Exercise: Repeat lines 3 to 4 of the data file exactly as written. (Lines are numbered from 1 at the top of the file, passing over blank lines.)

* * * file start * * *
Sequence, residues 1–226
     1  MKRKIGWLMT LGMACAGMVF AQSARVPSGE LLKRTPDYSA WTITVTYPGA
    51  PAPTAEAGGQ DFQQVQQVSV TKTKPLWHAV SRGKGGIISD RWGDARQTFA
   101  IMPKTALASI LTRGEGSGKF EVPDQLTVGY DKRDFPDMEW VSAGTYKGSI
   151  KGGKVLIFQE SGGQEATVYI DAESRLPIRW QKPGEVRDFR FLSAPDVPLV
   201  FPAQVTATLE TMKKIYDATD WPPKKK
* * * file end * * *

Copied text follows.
    51  PAPTAEAGGQ DFQQVQQVSV TKTKPLWHAV SRGKGGIISD RWGDARQTFA
   101  IMPKTALASI LTRGEGSGKF EVPDQLTVGY DKRDFPDMEW VSAGTYKGSI